Vikram is facing an issue which many organizations who don’t have a clear social media governance policy and strategy encounter.
In my blog case study – ‘Who Will Bell the Social Media Cat?’ we looked at a crisis situation where a disgruntled employee created objectionable content against the organization he worked for and how the leadership and communications teams reacted.
A couple of interesting comments came in on this post. Rama felt that educating employees on social media guidelines can help preempt such issues and have clear policies on social media usage can steer employees away from turning rogue. She believes that tackling social media isn’t one person’s responsibility.
Sagarika offered a contrarian viewpoint. Her argument is that organizations can’t afford to invest more than they can manage when it comes to social media. Such incidents are bound to occur with the growth of social media and there isn’t an easy answer. Therefore, her recommendation is to foster a culture of openness and encourage dialogue between employees and leaders so that such issues surface before they become viral.
Both are right in their own ways.
Even though Asha (the social media manager) is a focal point of all things digital at the organization it is clear that her attempts to overcome the scenario are knee-jerk at best. Possibly, investing in a social media listening exercise can give Asha more depth into the types of conversations and sentiments that arise.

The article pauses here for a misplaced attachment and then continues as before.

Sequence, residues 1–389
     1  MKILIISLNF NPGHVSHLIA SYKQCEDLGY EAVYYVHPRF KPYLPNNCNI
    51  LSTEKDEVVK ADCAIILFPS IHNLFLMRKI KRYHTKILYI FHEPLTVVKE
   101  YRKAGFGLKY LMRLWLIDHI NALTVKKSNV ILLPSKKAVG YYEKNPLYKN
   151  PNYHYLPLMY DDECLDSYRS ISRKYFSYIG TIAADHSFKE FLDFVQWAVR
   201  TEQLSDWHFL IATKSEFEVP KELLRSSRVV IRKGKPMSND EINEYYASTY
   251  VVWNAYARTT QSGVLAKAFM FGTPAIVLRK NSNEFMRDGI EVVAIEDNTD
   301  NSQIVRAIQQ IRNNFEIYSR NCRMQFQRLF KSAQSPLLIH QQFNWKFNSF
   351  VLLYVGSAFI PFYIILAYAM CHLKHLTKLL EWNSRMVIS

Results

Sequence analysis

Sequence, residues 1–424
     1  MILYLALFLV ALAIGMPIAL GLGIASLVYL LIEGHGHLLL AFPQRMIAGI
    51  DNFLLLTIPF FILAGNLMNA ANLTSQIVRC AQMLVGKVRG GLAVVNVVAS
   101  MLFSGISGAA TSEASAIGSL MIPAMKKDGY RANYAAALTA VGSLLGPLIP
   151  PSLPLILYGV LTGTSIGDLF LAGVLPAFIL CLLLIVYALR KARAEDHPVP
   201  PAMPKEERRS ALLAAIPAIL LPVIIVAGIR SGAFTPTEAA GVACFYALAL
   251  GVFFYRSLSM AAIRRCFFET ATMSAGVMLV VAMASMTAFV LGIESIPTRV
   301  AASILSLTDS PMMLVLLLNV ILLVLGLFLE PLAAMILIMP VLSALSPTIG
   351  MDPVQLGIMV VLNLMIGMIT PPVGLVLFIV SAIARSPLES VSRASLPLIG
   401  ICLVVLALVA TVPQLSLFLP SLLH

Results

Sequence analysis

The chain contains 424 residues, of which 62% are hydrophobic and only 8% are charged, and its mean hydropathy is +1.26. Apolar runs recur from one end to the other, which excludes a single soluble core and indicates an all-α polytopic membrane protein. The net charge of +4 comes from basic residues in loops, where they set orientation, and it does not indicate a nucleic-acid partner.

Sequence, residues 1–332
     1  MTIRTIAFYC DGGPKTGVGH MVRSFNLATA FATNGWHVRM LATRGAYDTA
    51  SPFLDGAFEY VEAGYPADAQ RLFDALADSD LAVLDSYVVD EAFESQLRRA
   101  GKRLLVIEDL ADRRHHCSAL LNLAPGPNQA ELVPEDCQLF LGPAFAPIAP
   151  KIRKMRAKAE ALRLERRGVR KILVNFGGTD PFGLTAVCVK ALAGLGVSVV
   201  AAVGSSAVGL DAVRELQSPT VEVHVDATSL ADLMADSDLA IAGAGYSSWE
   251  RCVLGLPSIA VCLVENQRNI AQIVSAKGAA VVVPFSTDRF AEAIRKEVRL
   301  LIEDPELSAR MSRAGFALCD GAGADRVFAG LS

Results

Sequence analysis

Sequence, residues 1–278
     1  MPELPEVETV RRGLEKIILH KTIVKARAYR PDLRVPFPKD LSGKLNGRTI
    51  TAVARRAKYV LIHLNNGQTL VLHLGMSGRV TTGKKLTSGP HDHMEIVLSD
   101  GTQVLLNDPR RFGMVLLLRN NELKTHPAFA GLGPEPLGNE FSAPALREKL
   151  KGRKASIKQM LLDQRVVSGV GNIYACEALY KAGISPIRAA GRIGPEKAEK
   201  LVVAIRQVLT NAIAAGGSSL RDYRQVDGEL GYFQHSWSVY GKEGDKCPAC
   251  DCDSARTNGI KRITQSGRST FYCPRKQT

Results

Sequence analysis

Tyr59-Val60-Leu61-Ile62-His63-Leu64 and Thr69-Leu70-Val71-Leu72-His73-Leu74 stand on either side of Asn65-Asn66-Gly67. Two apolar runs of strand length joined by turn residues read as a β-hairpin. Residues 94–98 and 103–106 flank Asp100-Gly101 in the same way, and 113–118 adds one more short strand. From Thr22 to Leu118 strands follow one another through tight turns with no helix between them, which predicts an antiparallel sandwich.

It is evident from their discussion that they are all coming to the conversation from their respective work angles. Vikram (the Marcom head) sees it as a communications concern, Raj (the CEO) thinks it is a culture issue and Alex (the HR head) is convinced that the employees needs to be disciplined. No one believes that they need to be getting under the skin of the employee to gauge the sentiment. Is this a niggling issue? Can it occur again? How can we address why employees feel this way?
The second issue is that they all want to get done with the episode sooner than later and if it means sending mixed signals about the organization’s intentions they care little about the implications.
So, coming back to the questions this case poses:
Whose ownership is it to intervene and take the lead?
Since the organization has a social media manager and invested in this function it is clear that they have the right intent. However, they need to have a governance model which defines who needs to tackle what kind of crisis and how soon. The key groups to be involved are the marketing communications team, the leadership team and the digital team. The legal department and HR can be involved only for their viewpoints but not for specific actions that relate to social media.
What can the group do to get ahead of the situation?
By ascertaining the extent of the damage the team can decide the next course of action. To begin, they must establish contact with the individual concerned and probe further on the cause for his or her frustration. Then, address it directly with the individual. Going forward, they can invest in training employees on social media, getting leaders to be active on channels and establish a protocol for responding to such crisis scenarios.
In this specific scenario, the leader must inform all employees on the incident and explain the steps the organization is taking to address the issue. The digital marketing team can create similar case studies and coach leaders and employees on how to react if such scenarios come up in the future.
Have other recommendations? Do share them here.
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